But Ms Farras, 31, is not a typical political prisoner, and she is far from elated at the thought of her impending freedom. She admits that her motives in confronting the solider with a kitchen knife were not primarily political: she was desperate to escape her family, who wanted her to go to Saudi Arabia, and thought an Israeli jail was the best place to do it.
The Independent has learned that many of the other female prisoners have similar stories: they had social, rather than political, motives for their attacks on Israelis. According to the Women's Organisation for Political Prisoners, only eight of the 29 women - whose release was debated for weeks in the peace negotiations and bitterly decried by some Israelis who oppose freeing women they call "terrorists" - were primarily political in their motivation.
The others are what the WOPP calls "social cases": unhappy young girls who sought personal freedom in the form of an Israeli jail. Fleeing abusive homes, arranged marriages, or choosing to continue their studies, they committed acts of violence against Israelis, knowing that they would be given lengthy jail sentences.
In autumn 1995, Ms Farras visited relatives in the Gaza strip. Her parents, Palestinian refugees who now live in Saudi Arabia, told her it was time to join them. "But I was so happy, to be in my country [Gaza]," she says. "I had studied microbiology for six years and I knew that back in Saudi I couldn't be free like I was in Gaza."
So one morning she tried to stab a soldier at a checkpoint in Gaza, and as she had expected, she soon found herself part of a well-known small band of women prisoners in Telmond Prison, north of Tel Aviv. Her family has never been to visit her in jail - "they are angry, they think my disobedience was shameful" - and she dreads facing them, if they will in fact take her back, upon her release.
"Palestinian society is patriarchal, and under the Israeli occupation, it was especially tightly controlled," said Ibtisam Jikhlleb, an activist with the WOPP, which raises funds and provides lawyers for the women. "Some women saw no other escape, felt they had nothing to lose, and in the environment of the intifada [Palestinian rebellion], they saw stabbing a soldier as the best way out."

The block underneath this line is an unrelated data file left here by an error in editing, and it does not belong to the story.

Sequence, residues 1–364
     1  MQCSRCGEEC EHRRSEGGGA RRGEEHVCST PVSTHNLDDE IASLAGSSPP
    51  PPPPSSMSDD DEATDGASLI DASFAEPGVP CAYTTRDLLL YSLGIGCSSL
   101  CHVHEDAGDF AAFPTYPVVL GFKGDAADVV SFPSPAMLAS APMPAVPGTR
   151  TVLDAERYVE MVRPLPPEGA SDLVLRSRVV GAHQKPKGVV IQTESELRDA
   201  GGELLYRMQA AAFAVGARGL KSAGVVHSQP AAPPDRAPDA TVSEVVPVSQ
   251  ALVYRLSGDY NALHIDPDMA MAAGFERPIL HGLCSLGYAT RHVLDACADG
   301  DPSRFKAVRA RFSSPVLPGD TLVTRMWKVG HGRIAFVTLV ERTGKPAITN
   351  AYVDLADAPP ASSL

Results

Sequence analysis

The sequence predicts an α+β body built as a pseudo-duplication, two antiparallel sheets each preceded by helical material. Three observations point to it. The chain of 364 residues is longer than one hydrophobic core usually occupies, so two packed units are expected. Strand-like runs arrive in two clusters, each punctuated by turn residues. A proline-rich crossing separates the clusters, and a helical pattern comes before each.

Last summer, when Israel announced that all the women except five who "have Jewish blood on their hands" would be released, the others refused to go. They barricaded themselves together in two cells and held a 19- day hunger strike, until Israel agreed that they would stay in prison. "And if we are not all released this week, then we are all staying," Ms Farras said.
"I've learned here that it's a good thing for girls to fight in the resistance," she explains.
Ms Farras has an almost reverential respect for the five women for whom she has remained in jail. Among them is Rula Abu Dehu, 28, who has served nine years of a life-plus-25-years sentence for transporting a weapon used to kill on Israeli, a charge she still denies.
Abu Dehu was a member of a cell of the Popular Front for the Liberation of Palestine, and still speaks proudly of her activities with them. But she acknowledged in Telmond last week that few of the women imprisoned there with her were activists like she was.
"It's true, they weren't like me," she said. "But look at what they chose to do: they didn't run away, they didn't use drugs or rob a store, they chose to attack a soldier. That spirit of resistance is in all Palestinian women."
t Nablus, West Bank (AP) - A Palestinian land-dealer who died in custody over the weekend was tortured by his Palestinian interrogators, the justice minister Freih Abu Medein said in an interview published yesterday.
The death of Yousef Baba, 32, brought to 11 the number of Palestinians who have died in detention since Yasser Arafat's self-rule government took control of parts of the West Bank and Gaza strip in May 1994.